CONTACT US ON

09 630 1961

Electrophysiology - Diagnostic Study

Overview

Electrophysiology (EP) is the science of understanding, diagnosing and treating the electrical activity of the heart.

An EP study is conducted to diagnose an abnormal heart rhythm problem. This diagnostic procedure also indicates whether catheter ablation can treat the problem and if it is safe to do so. The catheter ablation procedure is usually performed directly following the EP study, while the patient is in the EP lab.

The Heart's Electrical SystemEP Detail
  • The heart's rhythmic contractions depend on its electrical system to conduct electrical impulses throughout the heart.
  • The sinus node (SA node), a group of specialized cells in the right atrium, is where the electrical impulse normally begins. The sinus node functions as the heart's “natural pacemaker,” setting the pace for the heartbeat.
  • The electrical impulse spreads throughout the left and right atria, causing the muscle in the atrial walls to contract and squeeze blood into the ventricles.
  • From the atria, the electrical impulse reaches the atrioventricular node (AV node) located between the atria and the ventricles.
  • This node acts like a gate, slowing down each electrical impulse before allowing it to pass on to the ventricles.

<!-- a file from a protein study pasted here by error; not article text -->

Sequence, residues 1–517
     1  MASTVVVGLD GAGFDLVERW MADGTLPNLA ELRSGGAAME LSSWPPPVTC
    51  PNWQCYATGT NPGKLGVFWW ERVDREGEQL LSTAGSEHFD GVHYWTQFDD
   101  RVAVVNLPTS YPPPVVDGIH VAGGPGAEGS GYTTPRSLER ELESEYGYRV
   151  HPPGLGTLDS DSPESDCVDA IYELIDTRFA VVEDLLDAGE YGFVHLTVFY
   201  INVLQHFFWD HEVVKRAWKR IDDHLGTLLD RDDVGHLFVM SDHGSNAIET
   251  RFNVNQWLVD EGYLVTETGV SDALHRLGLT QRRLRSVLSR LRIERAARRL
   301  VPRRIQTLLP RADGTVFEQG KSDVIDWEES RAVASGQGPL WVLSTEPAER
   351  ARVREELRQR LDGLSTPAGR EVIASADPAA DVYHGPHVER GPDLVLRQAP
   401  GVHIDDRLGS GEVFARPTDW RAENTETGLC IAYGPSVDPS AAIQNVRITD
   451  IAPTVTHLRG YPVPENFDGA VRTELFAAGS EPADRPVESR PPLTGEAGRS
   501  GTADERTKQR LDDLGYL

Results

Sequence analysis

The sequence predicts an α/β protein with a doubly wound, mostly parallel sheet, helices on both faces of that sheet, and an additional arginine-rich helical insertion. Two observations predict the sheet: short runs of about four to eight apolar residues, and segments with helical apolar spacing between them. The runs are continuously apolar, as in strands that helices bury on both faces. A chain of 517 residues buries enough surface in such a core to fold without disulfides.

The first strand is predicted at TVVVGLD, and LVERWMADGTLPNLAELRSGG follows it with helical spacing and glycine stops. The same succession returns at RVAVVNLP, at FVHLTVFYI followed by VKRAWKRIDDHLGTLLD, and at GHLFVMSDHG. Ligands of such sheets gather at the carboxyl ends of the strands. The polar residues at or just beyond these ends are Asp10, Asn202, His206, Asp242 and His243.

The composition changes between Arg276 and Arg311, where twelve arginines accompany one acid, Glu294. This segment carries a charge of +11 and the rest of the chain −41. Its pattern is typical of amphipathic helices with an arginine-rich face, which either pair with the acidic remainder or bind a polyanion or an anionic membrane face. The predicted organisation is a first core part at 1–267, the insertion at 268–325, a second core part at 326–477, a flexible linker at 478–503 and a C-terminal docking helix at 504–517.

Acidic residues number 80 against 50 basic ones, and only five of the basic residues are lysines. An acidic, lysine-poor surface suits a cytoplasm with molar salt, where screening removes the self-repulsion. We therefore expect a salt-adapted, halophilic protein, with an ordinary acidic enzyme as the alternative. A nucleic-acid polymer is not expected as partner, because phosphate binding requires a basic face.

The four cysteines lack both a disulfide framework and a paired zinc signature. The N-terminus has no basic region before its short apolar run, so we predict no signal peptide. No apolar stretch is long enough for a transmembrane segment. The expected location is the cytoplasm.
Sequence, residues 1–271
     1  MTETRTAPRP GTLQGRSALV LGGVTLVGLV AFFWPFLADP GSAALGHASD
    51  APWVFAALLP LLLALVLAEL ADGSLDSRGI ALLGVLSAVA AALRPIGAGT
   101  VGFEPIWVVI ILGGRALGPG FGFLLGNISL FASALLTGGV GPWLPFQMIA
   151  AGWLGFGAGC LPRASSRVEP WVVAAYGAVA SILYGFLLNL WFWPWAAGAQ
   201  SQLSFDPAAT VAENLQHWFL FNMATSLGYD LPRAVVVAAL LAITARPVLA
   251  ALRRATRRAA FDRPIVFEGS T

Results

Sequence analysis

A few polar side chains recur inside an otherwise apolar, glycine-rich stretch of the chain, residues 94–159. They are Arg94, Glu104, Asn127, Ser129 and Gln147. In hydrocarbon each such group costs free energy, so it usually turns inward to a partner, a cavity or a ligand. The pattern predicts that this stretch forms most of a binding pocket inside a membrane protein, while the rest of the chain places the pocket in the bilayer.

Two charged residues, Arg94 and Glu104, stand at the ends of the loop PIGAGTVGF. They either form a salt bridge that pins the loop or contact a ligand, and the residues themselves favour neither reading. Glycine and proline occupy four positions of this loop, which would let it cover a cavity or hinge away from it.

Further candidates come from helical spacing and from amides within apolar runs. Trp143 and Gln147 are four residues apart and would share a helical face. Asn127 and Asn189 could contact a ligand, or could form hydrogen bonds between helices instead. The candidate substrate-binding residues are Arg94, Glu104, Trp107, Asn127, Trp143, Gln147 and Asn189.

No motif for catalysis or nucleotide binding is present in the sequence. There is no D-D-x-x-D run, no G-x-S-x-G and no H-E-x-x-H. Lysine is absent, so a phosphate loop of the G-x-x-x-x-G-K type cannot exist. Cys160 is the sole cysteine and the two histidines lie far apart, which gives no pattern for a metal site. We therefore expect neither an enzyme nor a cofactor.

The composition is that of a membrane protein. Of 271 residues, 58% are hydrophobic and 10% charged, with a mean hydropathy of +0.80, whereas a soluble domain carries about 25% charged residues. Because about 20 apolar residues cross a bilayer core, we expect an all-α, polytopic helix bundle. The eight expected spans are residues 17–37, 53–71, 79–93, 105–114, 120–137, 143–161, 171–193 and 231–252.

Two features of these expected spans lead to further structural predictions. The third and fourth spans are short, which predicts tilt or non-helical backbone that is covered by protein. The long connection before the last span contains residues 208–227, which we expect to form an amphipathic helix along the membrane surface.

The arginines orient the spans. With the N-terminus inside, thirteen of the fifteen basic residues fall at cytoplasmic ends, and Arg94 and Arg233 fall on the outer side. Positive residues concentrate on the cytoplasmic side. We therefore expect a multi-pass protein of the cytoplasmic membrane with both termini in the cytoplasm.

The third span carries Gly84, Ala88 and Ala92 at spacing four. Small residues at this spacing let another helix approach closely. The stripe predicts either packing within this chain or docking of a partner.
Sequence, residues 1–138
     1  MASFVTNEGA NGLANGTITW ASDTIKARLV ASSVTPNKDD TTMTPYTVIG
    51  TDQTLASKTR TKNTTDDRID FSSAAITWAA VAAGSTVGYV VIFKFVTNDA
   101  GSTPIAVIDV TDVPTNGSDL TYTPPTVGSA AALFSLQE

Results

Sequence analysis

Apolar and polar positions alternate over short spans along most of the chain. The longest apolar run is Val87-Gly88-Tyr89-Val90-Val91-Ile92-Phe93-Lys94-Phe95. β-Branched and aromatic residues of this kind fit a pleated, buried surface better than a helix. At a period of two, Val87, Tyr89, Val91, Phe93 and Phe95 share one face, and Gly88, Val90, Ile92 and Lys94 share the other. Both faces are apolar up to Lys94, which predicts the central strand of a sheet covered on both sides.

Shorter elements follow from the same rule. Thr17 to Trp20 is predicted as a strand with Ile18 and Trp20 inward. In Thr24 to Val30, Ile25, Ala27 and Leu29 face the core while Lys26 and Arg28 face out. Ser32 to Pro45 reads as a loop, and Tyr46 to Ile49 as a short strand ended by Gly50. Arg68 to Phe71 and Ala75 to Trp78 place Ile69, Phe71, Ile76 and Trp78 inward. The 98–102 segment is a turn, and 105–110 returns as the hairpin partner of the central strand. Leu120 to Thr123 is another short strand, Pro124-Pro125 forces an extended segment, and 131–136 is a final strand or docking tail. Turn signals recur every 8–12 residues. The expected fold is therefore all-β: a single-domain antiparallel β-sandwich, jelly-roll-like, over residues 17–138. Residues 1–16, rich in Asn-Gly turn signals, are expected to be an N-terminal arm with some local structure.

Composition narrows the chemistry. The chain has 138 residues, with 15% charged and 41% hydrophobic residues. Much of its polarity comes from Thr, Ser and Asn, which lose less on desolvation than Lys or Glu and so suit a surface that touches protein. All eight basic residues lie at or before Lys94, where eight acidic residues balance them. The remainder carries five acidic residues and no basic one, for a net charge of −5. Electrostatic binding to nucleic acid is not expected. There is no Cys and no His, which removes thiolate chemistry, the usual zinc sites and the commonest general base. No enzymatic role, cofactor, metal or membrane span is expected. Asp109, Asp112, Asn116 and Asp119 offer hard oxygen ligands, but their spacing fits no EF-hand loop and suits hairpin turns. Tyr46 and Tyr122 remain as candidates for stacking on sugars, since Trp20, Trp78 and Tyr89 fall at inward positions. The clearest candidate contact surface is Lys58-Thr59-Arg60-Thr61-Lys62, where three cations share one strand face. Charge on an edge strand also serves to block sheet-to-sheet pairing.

• The impulse then travels throughout the ventricles via a system of specialised muscle fibers referred to as a pathway. The impulse stimulates the ventricular muscle, causing it to contract and pump blood back into the circulatory system.

Click here for more information on abnormal heart rhythms.



 

What happens during my EP Study procedure?

The procedure is conducted in an angiography suite (“cath lab”) specifically set up for EP at Mercy Angiography, which is in the Mercy Hospital at 98 Mountain Road, Epsom in Auckland. Your Electrophysiologist will be assisted by highly trained staff including an Anaesthetist, Anaesthetic technician, specialist Nurses and a highly trained Electrophysiology technician.
 
  • Prior to the procedure, a small intravenous needle ("IV line") will be inserted into a vein in your arm. This allows drugs to be injected directly into the vein if necessary.
  • A nurse will shave and cleanse the area where the catheters will be inserted - usually the groin area but it could be arm, shoulder or neck also. Shaving and cleansing make it easier to insert the catheters and helps avoid infection. A local anaesthetic is injected into the skin through a tiny needle to numb the area.
  • A small incision is made in the skin and a needle is used to puncture the blood vessel (usually a vein) into which the catheters will be inserted.
  • You will be given medication to help you relax during the procedure but you will remain awake. It is not uncommon to doze off. The EP  team will be monitoring your progress constantly.
  • The special electrode catheters used for the procedure are long and flexible wires that can conduct electrical impulses to and from the heart.
  • One or more catheters are inserted into the body and advanced toward the heart, while the staff follows their progress on a television screen. The catheters are then positioned inside the heart.
  • The procedure usually is not painful although you may feel some pressure at the insertion site during the insertion of the catheters.